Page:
Nicole Lynn Lewis was a college-bound honor roll student in her senior year of high school when she found out she was pregnant.
“I had all these acceptance letters from college and a growing belly...and a lot of doubt,” she said.
She took a year off to have her daughter, and then enrolled the next fall at the College of William and Mary.
On her first day of college, she looked around at all the students being dropped off by their parents and felt profoundly out of place. She had an infant, few personal belongings, and a boyfriend who was dealing drugs.
“I had to step out on faith,” she said.
She managed to graduate with high honors in 2003. She walked across the stage to accept her diploma with her daughter holding on to her robe.
Lewis shared her story at a TEDx conference held in Ashburn on Saturday at the headquarters for Loudoun County Public Schools.
Lewis was one of more than a dozen speakers who shared stories meant to inspire . There was a teenage scientist who made a breakthrough in cancer diagnosis using Wikipedia, an adventure filmmaker who climbed Mount Everest while broadcasting his journey to classrooms around the world, and a Grammy award winning artist who turned a painful relationship with his father into poetry.
Lewis recalled how hard her college years were.
She remembers not having enough money for groceries and studying for midterms while trying to soothe a teething baby.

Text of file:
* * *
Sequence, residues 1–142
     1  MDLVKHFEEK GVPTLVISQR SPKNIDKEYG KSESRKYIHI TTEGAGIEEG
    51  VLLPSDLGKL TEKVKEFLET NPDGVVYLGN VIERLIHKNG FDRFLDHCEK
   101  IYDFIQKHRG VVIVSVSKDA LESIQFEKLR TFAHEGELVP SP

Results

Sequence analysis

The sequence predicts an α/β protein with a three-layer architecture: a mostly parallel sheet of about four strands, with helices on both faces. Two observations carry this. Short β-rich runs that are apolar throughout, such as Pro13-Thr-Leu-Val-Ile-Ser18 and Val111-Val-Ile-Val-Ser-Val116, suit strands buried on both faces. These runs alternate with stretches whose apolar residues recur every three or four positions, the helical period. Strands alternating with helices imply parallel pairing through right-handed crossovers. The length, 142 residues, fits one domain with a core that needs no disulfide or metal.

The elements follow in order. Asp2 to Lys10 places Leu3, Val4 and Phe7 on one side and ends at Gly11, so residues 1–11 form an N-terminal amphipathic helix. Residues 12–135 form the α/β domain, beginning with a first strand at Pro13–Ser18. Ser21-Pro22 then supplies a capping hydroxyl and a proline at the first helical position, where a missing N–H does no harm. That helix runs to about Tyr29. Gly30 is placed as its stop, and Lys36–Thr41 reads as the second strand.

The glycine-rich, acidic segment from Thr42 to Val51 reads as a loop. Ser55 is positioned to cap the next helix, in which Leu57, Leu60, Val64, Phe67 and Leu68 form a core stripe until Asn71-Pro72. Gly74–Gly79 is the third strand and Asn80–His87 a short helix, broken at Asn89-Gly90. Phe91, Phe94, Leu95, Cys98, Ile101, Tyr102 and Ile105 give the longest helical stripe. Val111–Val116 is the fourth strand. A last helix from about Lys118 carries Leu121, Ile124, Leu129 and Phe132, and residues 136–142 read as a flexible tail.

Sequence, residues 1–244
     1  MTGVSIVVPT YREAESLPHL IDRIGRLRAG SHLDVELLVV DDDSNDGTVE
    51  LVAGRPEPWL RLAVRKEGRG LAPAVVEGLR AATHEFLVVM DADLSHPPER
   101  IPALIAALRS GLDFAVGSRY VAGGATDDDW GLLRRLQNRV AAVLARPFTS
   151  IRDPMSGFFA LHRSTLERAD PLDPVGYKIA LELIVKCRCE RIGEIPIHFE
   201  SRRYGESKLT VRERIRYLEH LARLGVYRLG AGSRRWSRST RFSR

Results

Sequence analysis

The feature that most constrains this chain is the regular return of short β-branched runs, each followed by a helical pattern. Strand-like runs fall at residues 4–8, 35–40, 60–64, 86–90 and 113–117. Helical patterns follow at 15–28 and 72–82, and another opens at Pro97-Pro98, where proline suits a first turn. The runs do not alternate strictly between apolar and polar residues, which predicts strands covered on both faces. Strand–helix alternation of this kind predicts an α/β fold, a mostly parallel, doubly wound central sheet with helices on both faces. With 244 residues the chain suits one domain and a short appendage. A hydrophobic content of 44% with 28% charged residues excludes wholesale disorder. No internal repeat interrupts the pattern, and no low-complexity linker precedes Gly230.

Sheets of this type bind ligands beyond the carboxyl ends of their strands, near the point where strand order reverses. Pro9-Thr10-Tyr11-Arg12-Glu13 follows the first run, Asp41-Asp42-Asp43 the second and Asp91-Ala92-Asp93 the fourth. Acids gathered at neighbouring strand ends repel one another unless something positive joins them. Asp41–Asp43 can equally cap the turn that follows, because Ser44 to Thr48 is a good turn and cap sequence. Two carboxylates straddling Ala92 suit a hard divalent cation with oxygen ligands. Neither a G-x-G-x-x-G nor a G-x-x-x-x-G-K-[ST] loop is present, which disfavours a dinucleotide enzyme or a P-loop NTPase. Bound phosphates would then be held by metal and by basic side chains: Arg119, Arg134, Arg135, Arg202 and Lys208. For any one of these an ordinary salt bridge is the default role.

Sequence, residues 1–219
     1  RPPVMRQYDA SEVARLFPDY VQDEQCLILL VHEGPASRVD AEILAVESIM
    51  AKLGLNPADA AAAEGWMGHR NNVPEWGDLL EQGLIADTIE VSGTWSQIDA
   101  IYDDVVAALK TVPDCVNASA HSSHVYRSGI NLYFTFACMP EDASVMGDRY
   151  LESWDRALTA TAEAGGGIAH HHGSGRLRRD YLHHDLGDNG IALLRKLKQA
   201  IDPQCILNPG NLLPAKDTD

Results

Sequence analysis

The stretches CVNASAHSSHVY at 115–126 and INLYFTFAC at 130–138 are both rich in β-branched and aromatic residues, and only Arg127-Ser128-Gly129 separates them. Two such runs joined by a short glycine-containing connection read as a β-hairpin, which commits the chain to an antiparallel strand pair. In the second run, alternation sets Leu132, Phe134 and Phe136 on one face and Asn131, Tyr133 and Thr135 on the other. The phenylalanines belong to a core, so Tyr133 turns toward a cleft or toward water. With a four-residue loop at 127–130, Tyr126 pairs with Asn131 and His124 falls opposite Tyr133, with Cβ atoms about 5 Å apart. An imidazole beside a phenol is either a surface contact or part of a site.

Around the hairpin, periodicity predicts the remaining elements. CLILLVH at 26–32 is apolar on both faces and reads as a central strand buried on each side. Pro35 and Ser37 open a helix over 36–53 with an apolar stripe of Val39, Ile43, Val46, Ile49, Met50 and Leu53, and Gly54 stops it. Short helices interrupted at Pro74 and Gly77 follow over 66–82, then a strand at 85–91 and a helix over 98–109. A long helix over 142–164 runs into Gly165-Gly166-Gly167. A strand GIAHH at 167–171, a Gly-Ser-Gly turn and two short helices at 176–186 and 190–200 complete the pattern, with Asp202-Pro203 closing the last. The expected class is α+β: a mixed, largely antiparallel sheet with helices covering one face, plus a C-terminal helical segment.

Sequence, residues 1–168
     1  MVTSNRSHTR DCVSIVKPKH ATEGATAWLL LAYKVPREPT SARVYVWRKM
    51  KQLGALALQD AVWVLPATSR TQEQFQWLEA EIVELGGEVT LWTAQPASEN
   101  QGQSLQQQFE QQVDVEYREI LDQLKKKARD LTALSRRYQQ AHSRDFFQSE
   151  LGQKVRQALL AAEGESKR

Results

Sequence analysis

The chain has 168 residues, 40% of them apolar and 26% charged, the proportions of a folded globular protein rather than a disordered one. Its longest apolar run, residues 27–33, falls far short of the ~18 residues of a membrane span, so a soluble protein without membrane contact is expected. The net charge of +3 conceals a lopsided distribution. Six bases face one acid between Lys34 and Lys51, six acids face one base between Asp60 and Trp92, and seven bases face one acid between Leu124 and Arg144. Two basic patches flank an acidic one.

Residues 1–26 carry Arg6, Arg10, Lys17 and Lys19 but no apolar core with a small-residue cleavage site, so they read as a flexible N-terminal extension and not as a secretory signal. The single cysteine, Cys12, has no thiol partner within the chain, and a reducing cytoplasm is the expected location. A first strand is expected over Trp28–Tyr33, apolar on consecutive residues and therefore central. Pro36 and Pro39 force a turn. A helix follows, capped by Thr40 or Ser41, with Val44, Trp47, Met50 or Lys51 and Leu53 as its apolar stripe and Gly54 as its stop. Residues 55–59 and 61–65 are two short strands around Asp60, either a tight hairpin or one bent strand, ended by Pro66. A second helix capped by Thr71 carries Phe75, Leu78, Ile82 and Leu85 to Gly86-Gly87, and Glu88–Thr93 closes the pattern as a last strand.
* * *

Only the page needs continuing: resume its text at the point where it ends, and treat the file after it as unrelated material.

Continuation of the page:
But after all the struggle, she was able to get a job with an insurance company earning a good salary. She also broke up with that boyfriend and met her future husband in college.
“My college degree had transformed my life,” she said.
The number one reason girls drop out of high school is because of pregnancy, and many social services focus on their immediate needs — shelter, formula, food — and getting them through high school.
But Lewis said that’s not enough to lift them from poverty.
So she started an organization in 2010 called Generation Hope to help teen moms and dads make their way through college.
The organization, which provides scholarships and mentors, is starting to see results, she said. One of the parents in her program is a student government president; another is earning straight-A’s. More than two-thirds of students involved have increased their grade-point averages.
“Don’t ever let anyone, including statistics, tell you it can’t be done, because it absolutely can,” she said.